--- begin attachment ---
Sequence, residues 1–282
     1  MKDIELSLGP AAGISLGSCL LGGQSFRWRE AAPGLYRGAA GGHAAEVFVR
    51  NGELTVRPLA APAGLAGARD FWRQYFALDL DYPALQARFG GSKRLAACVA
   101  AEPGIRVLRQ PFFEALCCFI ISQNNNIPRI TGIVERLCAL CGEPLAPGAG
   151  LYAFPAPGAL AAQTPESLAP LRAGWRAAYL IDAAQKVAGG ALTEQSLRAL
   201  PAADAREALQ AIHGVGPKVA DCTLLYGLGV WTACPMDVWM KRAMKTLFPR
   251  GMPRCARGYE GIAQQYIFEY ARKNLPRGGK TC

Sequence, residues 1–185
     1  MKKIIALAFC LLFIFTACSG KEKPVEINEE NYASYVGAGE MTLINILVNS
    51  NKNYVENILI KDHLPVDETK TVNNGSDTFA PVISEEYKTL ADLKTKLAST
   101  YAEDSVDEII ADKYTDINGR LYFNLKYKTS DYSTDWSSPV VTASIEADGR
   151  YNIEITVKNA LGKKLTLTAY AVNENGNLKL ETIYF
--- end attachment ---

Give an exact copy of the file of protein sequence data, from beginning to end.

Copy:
Sequence, residues 1–282
     1  MKDIELSLGP AAGISLGSCL LGGQSFRWRE AAPGLYRGAA GGHAAEVFVR
    51  NGELTVRPLA APAGLAGARD FWRQYFALDL DYPALQARFG GSKRLAACVA
   101  AEPGIRVLRQ PFFEALCCFI ISQNNNIPRI TGIVERLCAL CGEPLAPGAG
   151  LYAFPAPGAL AAQTPESLAP LRAGWRAAYL IDAAQKVAGG ALTEQSLRAL
   201  PAADAREALQ AIHGVGPKVA DCTLLYGLGV WTACPMDVWM KRAMKTLFPR
   251  GMPRCARGYE GIAQQYIFEY ARKNLPRGGK TC

Sequence, residues 1–185
     1  MKKIIALAFC LLFIFTACSG KEKPVEINEE NYASYVGAGE MTLINILVNS
    51  NKNYVENILI KDHLPVDETK TVNNGSDTFA PVISEEYKTL ADLKTKLAST
   101  YAEDSVDEII ADKYTDINGR LYFNLKYKTS DYSTDWSSPV VTASIEADGR
   151  YNIEITVKNA LGKKLTLTAY AVNENGNLKL ETIYF